If you do wish to compare with the scores on the older chart, we’re seeing a roughly additional 20 tracks when comparing like for like chips across both set of results, so it’s possible that if you have a chip that is on the old chart and not the new, then you may be able to establish a rough comparison by simply adding 20 tracks on top of the old chip result to give you a very rough estimate to allow some degree of comparison.
Leaving behind the old results and in order to establish a level playing field, I’ve set out to retest some of the older chips under the new conditions in order to ensure these results are fair and to allow for easier comparison, so without any more delay, let’s check out those results.
As normal we’ll dive into this from the bottom upwards. At the low end of the testing round up we see the current i5 flagship, the 4 core 6600K both at stock and overclocked. A modest chip and certainly where we’d suggest the absolute lowest point of entry is when considering an audio setup. Offering enough power for multi-tracking and editing, and whilst we wouldn’t suggest that it would be the ideal solution for anyone working fully in the box as this CPU would be likely to be easily maxed out by high performance synths, the is certainly enough power here to achieve basic studio recording and editing tasks whilst not breaking the bank.
Next up are the mid-range i7’s and the 6700T is first up, offering 4 cores and 8 threads this is the low power i7 option this time around and sits as you would expect between the i5 6600K and the full power 6700K. It’s performance isn’t going to set the world on fire, but it’s certainly hitting performance levels that we would have expected from a mid-range class leading 2600K a few years back, but with a far lower power usage profile. This is a chip that certainly has its place and we expect it to be well received in our passive silent specs and other small form factor systems.
The other 6700 variant we have here is the all singing, all dancing 6700K which is the current consumer flagship offering a unlocked and overclockable 4 core / 8 thread configuration. Popular in home recording setups and certainly a reasonable all-rounder its price to performance makes it a great fit for anyone looking to edit, process and mix audio, whilst not relying upon extremely CPU intensive plugins and other tools.
But what if you are? What if Diva and Serum and their ilk are your tools of choice, and CPU’s are regularly chewed up and spat out for breakfast?
Well then, the enthusiast range is the choice for you. Popular for just this reason, the chart outlines the amount of extra overhead these CPU’s can offer you above and beyond the performance found in the mid-range.
The 5820K and 5960X scores you see are the previous generations 6 core and 8 core flagship solutions respectively and certainly the ones to beat by our new entries.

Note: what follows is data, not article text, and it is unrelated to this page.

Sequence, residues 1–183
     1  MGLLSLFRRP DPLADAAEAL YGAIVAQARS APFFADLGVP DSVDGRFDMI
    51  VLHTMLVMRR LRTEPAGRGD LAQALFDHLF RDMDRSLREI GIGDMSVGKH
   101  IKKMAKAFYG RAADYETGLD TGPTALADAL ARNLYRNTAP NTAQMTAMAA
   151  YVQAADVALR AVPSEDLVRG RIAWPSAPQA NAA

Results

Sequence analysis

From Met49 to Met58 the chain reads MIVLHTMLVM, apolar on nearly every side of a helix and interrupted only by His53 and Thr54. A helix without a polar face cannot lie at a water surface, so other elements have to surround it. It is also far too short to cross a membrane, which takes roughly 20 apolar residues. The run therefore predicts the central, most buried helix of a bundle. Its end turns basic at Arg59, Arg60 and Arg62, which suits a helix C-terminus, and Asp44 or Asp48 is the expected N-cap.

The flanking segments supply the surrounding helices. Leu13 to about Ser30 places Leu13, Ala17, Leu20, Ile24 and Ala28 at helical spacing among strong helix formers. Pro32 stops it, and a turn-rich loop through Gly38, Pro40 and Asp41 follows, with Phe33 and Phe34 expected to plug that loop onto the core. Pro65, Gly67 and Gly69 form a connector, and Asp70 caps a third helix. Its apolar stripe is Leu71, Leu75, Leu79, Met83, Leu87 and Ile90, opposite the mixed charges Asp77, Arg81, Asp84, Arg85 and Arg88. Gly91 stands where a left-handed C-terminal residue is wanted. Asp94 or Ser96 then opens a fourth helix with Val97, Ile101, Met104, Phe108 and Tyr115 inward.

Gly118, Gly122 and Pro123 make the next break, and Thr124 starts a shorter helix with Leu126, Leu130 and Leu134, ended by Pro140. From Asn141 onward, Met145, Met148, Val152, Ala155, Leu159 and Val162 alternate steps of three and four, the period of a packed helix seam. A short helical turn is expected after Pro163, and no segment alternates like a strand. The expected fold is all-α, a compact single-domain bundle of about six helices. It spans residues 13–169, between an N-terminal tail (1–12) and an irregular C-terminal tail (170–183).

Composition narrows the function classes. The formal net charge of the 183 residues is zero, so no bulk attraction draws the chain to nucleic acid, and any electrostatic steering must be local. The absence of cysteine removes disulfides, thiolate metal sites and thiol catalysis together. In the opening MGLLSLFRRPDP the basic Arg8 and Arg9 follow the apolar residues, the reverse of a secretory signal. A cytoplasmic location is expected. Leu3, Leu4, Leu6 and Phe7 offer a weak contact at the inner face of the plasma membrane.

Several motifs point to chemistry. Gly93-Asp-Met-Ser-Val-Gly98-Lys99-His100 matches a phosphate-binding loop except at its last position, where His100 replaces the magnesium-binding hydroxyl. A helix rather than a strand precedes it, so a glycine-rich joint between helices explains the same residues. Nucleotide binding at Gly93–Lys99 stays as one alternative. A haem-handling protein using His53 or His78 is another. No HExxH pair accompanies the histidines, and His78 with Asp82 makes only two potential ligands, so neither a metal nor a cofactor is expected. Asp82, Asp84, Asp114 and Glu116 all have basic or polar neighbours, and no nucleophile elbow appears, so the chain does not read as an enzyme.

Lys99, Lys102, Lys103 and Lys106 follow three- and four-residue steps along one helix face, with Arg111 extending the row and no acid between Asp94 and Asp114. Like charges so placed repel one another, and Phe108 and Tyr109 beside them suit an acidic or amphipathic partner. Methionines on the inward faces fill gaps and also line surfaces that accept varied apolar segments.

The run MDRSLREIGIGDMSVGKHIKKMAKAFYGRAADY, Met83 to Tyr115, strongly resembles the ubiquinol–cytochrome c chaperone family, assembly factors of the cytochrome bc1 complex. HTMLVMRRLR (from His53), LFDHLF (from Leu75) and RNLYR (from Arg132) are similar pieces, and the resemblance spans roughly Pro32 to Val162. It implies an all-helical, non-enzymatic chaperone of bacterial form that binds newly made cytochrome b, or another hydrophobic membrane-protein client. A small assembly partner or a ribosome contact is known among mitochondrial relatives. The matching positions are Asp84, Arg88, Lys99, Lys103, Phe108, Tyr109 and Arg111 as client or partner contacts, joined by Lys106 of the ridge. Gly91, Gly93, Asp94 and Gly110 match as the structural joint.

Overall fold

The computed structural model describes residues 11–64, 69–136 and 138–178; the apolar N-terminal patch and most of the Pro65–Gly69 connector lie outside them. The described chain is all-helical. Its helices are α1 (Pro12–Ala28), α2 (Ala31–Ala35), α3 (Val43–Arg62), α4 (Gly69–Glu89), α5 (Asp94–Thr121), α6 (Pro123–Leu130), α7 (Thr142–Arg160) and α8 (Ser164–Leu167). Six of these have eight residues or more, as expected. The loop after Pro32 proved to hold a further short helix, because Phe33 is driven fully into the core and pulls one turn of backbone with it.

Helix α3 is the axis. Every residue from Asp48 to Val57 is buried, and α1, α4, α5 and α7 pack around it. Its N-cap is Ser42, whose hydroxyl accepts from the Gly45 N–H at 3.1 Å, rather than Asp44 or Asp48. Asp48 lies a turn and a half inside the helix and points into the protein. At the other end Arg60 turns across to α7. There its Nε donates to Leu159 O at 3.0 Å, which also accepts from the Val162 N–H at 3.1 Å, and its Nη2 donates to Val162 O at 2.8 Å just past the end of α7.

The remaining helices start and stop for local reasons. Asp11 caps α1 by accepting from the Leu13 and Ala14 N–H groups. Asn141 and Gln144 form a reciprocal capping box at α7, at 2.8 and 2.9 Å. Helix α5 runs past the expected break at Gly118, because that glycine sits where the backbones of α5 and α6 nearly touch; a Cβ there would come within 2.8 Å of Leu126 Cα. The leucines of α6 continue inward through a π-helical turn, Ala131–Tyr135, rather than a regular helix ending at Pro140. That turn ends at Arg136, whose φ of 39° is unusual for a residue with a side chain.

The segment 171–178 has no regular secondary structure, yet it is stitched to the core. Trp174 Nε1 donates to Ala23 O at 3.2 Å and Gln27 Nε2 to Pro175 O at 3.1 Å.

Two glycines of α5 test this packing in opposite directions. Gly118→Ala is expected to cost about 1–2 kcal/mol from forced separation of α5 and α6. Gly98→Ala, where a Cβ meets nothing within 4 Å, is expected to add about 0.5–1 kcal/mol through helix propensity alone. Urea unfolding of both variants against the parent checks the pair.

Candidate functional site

The 6800K is another 6 core CPU along with the 6850K which isn’t shown here which directly replaces the last generation 5930K. As with the last generation, the key difference between the 6800K and 6850K other than the few hundred more MHz which don’t really offer much of an improvement as far as benchmarks go, is the additional PCIe lanes on offer with the more expensive chip. For roughly 50% more over the 28 lane 6800K edition, the 6850K offers up a total of PCIe lanes making it ideal for systems running multiple graphics cards, which may require up to 16 lanes each. For audio systems that only have a single graphics card however, the 28 lane chip will be more than adequate for most users and is certainly one place you can afford to cut corners an save money in the event that you’re not working with multiple graphics cards. All this as well as the keen price when considered against the performance found in the 6700K below it, perhaps makes the 6800K the best bang per buck option at this time.
The 6900K is a 8 core / 16 thread direct replacement for the last generation flagship 5960X chip and offers a sizable performance increase over the older CPU for roughly the same price. Not ground breaking but certainly an improvement for any outlay if you were considering the options around this price point.
Topping off the chart is the new high-end flagship 6950X which offers previously unseen levels of performance from the enthusiast class CPU’s and certainly offers reasonable performance for your money when compared against the dual Xeon setups that compete with it. With a £1400 UK street price at the time of writing it may appear to offer poor value when put up against the £500 cheaper 6900K, the is little else to touch this CPU for its price if you find yourself in need of the performance it is capable of offering.
Looking to the future the next high-end refresh will be Skylake-E although that isn’t due to be with us until sometime around the middle of 2017. KabyLake around the same time next year in the midrange promises some interesting features, namely X-point and the advances it’ll bring for storage which may even appear (we hope!) in the Skylake-E chipset around the same time. Either way you look at it, Broadwell-E is looking to be the high performance option of choice for the rest of 2016 and we’re sure will find itself powering many new studio systems over the coming year.
Many of you will remember our Pro Audio Webcasts which ran until the back end of last year. For those of you that didn’t manage to catch one, many of them are still archived on our Scan Pro Audio channel.